Imperialism, Sovereignty and the Making of International Law

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Cambridge University Press, Apr 26, 2007 - Law - 356 pages
1 Review
This book argues that the colonial confrontation was central to the formation of international law and, in particular, its founding concept, sovereignty. Traditional histories of the discipline present colonialism and non-European peoples as peripheral concerns. By contrast, Anghie argues that international law has always been animated by the 'civilizing mission' - the project of governing non-European peoples, and that the economic exploitation and cultural subordination that resulted were constitutively significant for the discipline. In developing these arguments, the book examines different phases of the colonial encounter, ranging from the sixteenth century to the League of Nations period and the current 'war on terror'. Anghie provides a new approach to the history of international law, illuminating the enduring imperial character of the discipline and its continuing importance for peoples of the Third World. This book will be of interest to students of international law and relations, history, post-colonial studies and development studies.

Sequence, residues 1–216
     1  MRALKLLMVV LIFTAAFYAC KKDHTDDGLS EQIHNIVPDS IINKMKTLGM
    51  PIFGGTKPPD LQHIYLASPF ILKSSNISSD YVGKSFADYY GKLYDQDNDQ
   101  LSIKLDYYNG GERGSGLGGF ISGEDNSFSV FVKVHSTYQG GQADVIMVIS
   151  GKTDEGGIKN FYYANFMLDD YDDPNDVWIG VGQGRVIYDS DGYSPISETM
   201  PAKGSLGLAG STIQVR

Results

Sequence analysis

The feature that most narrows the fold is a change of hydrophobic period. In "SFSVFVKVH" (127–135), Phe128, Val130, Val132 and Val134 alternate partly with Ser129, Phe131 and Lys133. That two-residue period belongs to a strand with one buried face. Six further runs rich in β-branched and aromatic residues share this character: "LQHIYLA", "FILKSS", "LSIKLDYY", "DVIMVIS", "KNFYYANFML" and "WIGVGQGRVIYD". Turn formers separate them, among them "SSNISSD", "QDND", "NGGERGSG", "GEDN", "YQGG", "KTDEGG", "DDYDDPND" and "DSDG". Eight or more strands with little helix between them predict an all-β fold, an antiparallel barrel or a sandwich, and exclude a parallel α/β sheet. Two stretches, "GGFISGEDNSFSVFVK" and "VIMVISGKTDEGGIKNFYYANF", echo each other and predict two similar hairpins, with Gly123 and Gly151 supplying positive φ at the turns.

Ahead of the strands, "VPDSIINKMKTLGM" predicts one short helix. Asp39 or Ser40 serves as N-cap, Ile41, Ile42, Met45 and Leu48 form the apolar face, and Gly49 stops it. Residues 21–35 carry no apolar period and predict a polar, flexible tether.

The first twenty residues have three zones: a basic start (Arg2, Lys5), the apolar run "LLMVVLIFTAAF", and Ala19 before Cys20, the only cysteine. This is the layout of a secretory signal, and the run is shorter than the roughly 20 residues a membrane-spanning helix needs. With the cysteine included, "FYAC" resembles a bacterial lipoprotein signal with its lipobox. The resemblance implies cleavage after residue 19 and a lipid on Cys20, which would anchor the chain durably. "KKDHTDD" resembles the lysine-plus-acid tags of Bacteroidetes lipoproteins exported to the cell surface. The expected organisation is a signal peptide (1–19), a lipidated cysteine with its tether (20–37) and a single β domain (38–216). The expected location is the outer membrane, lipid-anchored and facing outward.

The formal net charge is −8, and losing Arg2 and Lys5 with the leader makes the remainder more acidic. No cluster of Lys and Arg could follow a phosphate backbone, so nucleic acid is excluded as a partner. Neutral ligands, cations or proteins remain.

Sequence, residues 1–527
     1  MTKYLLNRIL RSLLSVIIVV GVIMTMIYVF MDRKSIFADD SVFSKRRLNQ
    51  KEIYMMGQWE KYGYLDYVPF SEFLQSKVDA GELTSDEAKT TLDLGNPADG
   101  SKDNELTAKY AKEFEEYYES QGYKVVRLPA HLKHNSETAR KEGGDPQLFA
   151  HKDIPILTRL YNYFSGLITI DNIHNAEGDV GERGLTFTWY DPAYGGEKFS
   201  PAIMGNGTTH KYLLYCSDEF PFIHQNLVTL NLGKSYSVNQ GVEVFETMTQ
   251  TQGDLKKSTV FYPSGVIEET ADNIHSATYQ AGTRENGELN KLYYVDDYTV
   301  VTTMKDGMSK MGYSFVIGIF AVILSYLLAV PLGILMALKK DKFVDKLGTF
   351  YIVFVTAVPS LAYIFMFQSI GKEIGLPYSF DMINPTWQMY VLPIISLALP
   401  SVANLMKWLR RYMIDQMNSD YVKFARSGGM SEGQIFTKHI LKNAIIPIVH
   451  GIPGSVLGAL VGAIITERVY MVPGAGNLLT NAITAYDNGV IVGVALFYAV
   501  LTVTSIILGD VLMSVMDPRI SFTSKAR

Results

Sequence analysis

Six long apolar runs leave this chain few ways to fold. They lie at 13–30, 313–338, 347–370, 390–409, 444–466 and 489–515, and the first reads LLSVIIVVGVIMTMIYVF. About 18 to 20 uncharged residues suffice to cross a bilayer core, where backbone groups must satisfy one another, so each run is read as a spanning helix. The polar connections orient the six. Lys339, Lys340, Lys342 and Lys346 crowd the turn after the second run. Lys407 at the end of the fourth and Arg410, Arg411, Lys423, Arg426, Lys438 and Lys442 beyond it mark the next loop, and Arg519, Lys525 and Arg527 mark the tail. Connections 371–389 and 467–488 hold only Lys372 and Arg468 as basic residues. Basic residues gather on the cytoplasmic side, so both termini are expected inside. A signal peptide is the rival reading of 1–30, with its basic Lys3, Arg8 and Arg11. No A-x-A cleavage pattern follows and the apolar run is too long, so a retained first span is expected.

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Contents

VI
13
VIII
17
IX
23
X
28
XI
32
XIII
40
XIV
52
XV
65
XXXI
211
XXXII
216
XXXIII
220
XXXIV
223
XXXV
226
XXXVI
235
XXXVII
245
XXXVIII
247

XVI
100
XVII
115
XIX
119
XX
123
XXI
136
XXII
147
XXIII
156
XXIV
179
XXV
190
XXVI
194
XXVII
196
XXVIII
199
XXIX
204
XXX
207
XXXIX
254
XL
258
XLI
263
XLII
268
XLIII
273
XLV
274
XLVI
279
XLVII
291
XLVIII
298
XLIX
303
L
310
LI
321
LII
342
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About the author (2007)

Professor of Law at the S. J. Quinney School of Law, University of Utah.

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